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I myself have had frequent opportunities of seeing them carried out. Drink occupies no such place in the West. Drink is manufactured, sold, drunk and the government realises from it a handsome yearly income. Opium is imported from abroad (here we do not notice the native growth which has arisen out of it), sold and consumed, and a foreign State derives such a sum from it yearly, that the financial stability of that State is dependent upon this source of revenue. The Christian Government is content to go on drawing its enormous annual revenue from the vice and misery of its own people; the heathen Government refuses to do do this; the former cannot pass a permissive or prohibitive bill by reason of internal opposition; the latter cannot do the same by virtue of the application of external force. In the one case drink must stand or fall by the will of the majority of the nation; in the other it is forced upon her by a foreign power; and according to Sir Rutherford "could only be excluded on the same principle as that on which Prince Gortchakoff declared that Russia would not submit to the continued neutralization of the Black Sea; that is, they must be prepared to fight for it.” China is not her own mistress to prohibit or raise its taxation. In view of such points as these, is it fair to go on using such arguments. It is distressing to see the leading English journal lend itself to such reasoning, and hitherto it has refused to admit anything on the other side. If an M.D. and a newly created knight choses to write the most preposterous things regarding the innocuousness of opium, the columns of this daily paper are freely thrown open to him.

But even supposing opium-smoking were no worse than gin-drinking, is the perpetration of one offence to be the palliation for another. Are we come to such a pass that we require to measure crime by crime ?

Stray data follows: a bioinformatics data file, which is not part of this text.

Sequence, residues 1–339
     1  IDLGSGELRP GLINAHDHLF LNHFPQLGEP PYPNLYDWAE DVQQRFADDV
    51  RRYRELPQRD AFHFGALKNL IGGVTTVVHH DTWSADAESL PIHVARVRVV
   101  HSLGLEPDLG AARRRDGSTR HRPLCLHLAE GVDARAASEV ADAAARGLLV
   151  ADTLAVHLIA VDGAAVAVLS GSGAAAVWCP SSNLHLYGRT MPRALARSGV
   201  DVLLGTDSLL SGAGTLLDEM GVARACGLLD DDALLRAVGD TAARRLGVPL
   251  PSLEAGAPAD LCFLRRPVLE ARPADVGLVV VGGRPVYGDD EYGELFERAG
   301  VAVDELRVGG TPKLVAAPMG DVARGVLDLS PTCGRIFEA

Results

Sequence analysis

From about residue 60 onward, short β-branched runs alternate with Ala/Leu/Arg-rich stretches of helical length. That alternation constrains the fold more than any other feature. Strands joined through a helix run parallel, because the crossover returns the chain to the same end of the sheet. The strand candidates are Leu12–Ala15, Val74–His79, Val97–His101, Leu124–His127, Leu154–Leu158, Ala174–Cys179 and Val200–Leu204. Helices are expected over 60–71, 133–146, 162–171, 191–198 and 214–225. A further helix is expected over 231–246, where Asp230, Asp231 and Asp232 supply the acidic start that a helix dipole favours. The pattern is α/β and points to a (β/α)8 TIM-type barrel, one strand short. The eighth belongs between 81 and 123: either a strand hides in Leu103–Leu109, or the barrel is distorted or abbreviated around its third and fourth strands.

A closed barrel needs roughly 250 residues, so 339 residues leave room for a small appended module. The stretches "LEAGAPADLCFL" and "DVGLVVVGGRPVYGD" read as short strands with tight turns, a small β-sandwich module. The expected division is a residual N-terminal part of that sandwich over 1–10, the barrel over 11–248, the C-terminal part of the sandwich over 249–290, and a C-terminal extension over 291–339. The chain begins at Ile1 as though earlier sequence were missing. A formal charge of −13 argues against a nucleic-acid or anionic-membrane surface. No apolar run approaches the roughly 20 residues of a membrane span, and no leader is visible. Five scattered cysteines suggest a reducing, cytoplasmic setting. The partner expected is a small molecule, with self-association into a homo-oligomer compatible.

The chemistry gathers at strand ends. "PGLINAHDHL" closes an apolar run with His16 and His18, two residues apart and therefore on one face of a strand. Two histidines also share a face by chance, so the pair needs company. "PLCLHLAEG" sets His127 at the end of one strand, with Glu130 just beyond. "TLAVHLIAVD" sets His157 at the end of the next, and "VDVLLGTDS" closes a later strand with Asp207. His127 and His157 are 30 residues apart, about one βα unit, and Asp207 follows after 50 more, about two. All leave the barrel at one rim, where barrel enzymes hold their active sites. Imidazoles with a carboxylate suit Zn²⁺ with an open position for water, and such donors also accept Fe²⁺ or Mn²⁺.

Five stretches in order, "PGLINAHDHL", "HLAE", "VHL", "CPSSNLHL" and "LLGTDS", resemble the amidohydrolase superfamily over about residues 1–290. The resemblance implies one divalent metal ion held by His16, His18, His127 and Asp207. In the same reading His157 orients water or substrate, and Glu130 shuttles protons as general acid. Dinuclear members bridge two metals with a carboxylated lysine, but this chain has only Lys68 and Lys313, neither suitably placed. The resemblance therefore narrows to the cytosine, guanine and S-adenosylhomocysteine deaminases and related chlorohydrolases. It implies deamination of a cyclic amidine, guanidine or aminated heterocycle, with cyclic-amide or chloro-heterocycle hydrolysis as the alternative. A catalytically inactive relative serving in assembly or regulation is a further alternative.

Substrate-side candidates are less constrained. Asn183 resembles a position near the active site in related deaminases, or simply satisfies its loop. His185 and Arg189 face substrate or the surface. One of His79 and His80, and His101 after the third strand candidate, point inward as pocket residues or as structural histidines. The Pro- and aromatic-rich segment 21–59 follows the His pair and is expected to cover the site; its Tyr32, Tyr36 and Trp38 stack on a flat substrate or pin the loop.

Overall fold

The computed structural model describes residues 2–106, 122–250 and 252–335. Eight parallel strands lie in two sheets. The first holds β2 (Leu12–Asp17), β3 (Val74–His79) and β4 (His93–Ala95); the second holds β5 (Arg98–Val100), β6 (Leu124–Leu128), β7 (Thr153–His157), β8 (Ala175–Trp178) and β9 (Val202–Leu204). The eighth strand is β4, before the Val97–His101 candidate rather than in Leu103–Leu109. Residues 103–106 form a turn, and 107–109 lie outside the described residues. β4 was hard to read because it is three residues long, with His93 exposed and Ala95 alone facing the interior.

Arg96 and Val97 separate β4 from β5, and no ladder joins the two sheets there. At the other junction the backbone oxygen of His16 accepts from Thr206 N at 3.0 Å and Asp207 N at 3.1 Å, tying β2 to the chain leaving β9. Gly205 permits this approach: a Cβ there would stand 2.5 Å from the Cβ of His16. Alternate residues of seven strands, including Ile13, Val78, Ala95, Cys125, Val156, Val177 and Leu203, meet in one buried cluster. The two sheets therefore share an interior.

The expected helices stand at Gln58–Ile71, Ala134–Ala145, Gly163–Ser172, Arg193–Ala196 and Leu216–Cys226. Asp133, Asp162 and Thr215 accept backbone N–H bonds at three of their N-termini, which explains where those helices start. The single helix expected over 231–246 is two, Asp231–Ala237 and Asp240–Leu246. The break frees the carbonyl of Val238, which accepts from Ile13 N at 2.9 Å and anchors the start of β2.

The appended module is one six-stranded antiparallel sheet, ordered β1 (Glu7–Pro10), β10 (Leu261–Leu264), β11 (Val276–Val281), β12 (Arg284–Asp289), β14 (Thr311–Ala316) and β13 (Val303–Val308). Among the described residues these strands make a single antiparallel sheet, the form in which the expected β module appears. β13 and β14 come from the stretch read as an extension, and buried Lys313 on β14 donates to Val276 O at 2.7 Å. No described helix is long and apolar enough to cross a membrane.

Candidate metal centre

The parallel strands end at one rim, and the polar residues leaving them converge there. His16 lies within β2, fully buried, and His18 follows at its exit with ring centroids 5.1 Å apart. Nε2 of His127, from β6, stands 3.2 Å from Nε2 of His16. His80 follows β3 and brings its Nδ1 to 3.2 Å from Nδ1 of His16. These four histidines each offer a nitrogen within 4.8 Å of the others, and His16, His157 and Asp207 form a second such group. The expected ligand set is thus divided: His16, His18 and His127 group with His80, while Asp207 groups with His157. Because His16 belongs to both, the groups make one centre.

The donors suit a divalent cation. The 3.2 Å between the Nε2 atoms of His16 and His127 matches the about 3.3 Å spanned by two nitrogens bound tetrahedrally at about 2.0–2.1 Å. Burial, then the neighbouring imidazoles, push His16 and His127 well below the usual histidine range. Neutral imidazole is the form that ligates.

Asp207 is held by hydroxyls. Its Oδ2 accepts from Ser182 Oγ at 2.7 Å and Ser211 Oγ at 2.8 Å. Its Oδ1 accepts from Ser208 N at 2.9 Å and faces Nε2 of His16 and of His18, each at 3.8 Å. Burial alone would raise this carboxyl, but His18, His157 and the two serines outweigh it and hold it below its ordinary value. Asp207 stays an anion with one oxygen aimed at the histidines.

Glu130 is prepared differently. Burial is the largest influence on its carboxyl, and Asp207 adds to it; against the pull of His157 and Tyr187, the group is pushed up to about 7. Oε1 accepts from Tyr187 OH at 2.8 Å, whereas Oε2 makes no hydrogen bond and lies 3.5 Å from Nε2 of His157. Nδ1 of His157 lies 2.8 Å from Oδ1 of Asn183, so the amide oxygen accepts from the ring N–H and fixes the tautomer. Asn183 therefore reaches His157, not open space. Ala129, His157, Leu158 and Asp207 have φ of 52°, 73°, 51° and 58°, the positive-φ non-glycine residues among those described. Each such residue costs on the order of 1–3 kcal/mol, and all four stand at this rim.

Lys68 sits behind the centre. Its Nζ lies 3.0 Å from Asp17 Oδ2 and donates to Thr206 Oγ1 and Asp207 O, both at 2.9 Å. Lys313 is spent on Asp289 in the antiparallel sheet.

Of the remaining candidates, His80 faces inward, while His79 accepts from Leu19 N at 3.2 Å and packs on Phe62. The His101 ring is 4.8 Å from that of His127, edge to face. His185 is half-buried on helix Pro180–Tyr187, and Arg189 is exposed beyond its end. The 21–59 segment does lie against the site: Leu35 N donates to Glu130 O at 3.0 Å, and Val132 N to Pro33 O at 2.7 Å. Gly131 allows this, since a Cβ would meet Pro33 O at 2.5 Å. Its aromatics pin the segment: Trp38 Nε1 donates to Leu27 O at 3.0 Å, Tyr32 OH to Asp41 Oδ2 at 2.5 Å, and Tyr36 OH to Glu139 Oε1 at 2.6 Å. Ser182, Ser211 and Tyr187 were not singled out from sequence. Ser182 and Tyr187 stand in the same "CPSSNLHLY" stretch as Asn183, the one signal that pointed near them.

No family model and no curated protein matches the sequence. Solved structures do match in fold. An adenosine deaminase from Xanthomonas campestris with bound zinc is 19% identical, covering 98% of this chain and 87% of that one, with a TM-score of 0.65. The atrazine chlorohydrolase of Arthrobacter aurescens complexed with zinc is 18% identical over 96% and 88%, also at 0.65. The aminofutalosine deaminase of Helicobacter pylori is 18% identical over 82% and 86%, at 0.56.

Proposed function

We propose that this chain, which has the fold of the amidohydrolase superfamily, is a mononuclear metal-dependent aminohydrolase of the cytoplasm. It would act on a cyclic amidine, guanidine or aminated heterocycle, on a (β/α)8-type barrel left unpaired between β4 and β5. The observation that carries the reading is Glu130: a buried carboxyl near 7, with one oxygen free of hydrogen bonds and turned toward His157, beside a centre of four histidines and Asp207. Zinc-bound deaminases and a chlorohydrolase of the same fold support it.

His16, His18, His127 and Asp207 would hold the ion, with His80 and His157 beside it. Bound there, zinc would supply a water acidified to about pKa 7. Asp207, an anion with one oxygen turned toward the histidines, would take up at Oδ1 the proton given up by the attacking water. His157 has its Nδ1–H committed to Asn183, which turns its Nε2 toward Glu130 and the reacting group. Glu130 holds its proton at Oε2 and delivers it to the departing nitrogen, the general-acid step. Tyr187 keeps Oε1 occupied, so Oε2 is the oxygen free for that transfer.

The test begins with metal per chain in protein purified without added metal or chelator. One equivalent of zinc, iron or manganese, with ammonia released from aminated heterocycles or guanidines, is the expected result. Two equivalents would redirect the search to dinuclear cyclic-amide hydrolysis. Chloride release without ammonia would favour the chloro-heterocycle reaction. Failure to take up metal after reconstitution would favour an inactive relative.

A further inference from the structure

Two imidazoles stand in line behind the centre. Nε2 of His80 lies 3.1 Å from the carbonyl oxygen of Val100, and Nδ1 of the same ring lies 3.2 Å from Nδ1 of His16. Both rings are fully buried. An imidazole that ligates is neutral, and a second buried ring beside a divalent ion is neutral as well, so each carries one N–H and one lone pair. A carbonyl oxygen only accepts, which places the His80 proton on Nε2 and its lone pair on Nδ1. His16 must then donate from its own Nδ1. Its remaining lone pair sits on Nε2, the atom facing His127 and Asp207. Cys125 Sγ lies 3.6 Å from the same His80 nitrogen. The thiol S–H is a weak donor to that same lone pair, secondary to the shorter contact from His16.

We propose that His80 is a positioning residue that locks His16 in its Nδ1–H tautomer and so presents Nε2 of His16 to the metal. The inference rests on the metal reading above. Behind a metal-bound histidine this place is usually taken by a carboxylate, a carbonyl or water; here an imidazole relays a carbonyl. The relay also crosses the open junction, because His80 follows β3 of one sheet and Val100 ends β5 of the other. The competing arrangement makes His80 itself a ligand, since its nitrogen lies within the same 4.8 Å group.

Another fallacious argument employed by Sir Rutherford and other writers is, that if we do not supply the Chinese with opium other nations will, and better have our good opium than their bad. The latter is a favourite way of putting it by Sir George Campbell; that is, injury will be committed, and if not done by us, others will or may probably perpetrate the crime and receive its hireling reward. And this is the justification of professing Christians towards the end of the nineteenth century. Infinitely better to abjure the name of Christianity and call ourselves heathen. Heathen morality teaches them not to do to others what they would not have others do to them. Sir Rutherford instances Turkey, Persia, Egypt, Mozambique, Malwa, and many other foreign sources. China may safely be left to deal with the non-treaty opium producing countries. She is now arranging all her new treaties as they are made or fall to be revised, so that these countries shall not be at liberty to engage in the opium trade. Not only is the native production stimulated by the Indian growth, but so also is the growth in these other countries and its import into China. Once opium ceases to reach China under the British flag, philanthropists and pro-opium advocates may rest assured that all trade in opium with these small countries will soon cease.

China I believe will be prepared to give substantial pledges and commercial advantages as à quid pro quo for the entire cessation of the opium


Some such plan of mutual repression extending over a few years with mutual guarantees, with suitable penalties annexed, would no doubt be acceptable to the Chinese and would be accepted as a proof of our sincerity.